Here's a bon mot that made my jaw drop in disbelief this morning and wonder if we actually live in the same country or on the same planet:
"...as Sept. 11 did not result in a much-feared (by intellectuals) wave of popular Islamophobia or xenophobia, so the market crash has resulted in remarkably little popular hysteria or scapegoating."
Really? Even though I have no statistics to definitely prove that the opposite is that case, I have heard enough anecdotal material to be astonished by Mr. Kristol's apparent lack of hesitation to make big sweeping statements like this and expect his readers to simply accept them as the truth.
As for the Islamophobia claim, apart from numerous reported cases of discrimination and hate crimes, it is clear that the country suffers from a serious and mostly unrecognized fear of Islam, most vividly displayed by the fact that the accusation the Barrack Obama is a Muslim is exactly that - an accusation. And even those defending him are more focused on proving that he is not a Muslim than they are on the irrelevance of the claim. It's amazing that it finally took Colin Powell to say the words that not even the most liberal supporters of Obama dare speak:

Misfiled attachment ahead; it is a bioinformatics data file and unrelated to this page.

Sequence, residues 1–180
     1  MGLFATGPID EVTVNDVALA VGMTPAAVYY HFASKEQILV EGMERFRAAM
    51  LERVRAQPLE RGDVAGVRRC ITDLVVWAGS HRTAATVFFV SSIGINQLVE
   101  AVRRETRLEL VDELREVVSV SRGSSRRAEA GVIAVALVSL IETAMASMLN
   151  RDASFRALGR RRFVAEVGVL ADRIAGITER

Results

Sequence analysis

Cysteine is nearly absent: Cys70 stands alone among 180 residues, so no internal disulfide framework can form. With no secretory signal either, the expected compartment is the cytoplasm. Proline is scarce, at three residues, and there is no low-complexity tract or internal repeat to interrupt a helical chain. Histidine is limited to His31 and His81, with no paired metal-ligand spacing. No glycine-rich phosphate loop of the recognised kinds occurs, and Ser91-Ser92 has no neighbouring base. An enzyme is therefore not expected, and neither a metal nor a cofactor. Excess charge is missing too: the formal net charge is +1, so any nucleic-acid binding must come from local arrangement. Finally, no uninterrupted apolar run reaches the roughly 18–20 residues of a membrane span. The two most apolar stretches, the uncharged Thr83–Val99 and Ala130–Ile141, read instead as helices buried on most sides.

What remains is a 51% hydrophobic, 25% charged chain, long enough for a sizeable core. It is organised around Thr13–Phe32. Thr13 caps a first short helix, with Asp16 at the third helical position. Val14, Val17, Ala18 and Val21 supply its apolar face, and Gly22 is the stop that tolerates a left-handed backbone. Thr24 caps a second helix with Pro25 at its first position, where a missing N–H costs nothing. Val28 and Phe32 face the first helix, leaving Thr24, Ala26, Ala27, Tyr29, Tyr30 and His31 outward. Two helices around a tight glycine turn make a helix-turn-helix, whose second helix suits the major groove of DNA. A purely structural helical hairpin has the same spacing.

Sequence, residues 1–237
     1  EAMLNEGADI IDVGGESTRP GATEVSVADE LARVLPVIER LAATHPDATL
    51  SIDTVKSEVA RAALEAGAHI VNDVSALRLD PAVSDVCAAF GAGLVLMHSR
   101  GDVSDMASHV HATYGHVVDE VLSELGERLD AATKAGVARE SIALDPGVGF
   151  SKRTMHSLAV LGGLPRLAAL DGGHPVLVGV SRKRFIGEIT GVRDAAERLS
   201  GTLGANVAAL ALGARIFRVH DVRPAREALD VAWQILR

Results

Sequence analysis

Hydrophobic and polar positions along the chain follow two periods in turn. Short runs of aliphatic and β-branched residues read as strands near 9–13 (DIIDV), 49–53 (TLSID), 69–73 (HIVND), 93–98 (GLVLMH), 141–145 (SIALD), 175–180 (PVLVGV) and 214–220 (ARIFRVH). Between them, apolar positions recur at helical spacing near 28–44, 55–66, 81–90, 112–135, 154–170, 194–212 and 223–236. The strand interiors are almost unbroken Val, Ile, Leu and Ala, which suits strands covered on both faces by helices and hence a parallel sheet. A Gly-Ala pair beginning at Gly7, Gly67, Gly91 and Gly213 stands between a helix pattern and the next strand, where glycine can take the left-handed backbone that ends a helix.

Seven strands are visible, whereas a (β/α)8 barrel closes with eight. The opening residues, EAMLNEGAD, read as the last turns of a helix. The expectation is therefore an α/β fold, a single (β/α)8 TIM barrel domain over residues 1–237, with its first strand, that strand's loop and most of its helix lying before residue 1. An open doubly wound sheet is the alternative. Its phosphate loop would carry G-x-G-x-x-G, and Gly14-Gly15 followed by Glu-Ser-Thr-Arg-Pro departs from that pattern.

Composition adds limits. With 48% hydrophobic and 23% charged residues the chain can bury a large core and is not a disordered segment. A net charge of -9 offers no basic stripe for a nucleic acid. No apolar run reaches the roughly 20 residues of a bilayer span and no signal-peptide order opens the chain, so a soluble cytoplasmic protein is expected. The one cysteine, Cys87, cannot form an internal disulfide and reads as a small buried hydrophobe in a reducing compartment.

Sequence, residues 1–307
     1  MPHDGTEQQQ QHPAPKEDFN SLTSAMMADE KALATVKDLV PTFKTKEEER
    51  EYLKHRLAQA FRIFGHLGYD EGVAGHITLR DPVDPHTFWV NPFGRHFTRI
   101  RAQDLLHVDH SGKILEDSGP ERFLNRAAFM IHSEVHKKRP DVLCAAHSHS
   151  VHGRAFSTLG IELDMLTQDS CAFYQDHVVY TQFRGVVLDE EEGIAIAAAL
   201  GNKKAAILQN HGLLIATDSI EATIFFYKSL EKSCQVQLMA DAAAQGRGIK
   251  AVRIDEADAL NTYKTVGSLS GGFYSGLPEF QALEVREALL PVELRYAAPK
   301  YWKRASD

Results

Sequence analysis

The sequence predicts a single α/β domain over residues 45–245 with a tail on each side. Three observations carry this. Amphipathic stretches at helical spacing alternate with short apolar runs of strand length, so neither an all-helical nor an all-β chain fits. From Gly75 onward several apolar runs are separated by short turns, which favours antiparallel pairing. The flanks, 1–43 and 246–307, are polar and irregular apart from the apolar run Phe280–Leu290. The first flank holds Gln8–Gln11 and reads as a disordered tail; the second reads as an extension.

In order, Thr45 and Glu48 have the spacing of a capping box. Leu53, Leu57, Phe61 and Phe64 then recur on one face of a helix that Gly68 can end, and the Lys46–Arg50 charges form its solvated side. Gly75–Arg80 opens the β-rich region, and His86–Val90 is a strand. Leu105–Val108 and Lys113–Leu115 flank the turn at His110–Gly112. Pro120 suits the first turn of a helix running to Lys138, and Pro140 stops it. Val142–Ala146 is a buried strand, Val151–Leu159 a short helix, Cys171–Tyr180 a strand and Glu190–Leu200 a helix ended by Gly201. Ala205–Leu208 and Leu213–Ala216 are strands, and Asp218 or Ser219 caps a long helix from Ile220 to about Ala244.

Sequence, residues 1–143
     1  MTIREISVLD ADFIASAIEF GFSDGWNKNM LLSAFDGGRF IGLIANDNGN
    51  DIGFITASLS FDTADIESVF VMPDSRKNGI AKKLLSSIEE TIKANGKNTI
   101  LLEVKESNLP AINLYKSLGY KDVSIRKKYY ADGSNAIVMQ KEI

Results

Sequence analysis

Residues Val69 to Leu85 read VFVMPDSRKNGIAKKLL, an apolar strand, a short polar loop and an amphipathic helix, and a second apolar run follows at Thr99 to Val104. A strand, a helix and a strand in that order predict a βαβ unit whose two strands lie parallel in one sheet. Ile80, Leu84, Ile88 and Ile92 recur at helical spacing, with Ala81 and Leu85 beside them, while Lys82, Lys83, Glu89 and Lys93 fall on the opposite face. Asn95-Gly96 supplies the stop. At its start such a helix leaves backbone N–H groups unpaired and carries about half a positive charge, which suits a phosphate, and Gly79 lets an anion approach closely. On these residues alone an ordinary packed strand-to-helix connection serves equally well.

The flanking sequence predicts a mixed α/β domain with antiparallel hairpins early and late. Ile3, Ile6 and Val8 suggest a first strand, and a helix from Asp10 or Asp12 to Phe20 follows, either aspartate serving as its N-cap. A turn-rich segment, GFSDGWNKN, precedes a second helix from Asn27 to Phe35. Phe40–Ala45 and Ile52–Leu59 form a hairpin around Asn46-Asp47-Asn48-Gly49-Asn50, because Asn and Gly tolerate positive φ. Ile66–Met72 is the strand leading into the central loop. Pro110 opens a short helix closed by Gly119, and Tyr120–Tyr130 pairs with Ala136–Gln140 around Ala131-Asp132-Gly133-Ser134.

“The really right answer is, what if he is? Is there something wrong with being Muslim in this country? No, that’s not America.”
Tip of the hat to Andrew Sullivan for that one.
As for the latter statement, has Mr. Kristol talked to anyone anywhere? Was he paying any attention at all when the bailout package was first turned down in the House because the members were bombarded by letters from their constituents infuriated by the idea of bailing out Wall Street, which they singularly blamed for the mess we're in? So much for no scapegoating.
As for no hysteria, not to belabor the point, but has he talked to anyone anywhere? At work, I interview and survey businesses around the country constantly to understand various trends and most recently I have been on the phone with dozens of them talking about the impact of the slowing economy and the financial crisis. While the real-time impact on current profits may not yet be catastrophic, business owners are extremely nervous; nervous, as in hoarding cash and not planning any major purchases for the foreseeable future. My favourite example was a dentist in Iowa who decided not to purchase a piece of equipment for his practice because of the volatility on the stock market. A dentist - one of the most economically resilient professions - in Iowa - pretty removed from Wall Street.
So before making any more sweeping statements for international circulation, can Mr. Kristol do me a solid, get his head out of his ass and talk to, say, 5 people? It may not be super scientific, but it's a good baby step in the right direction.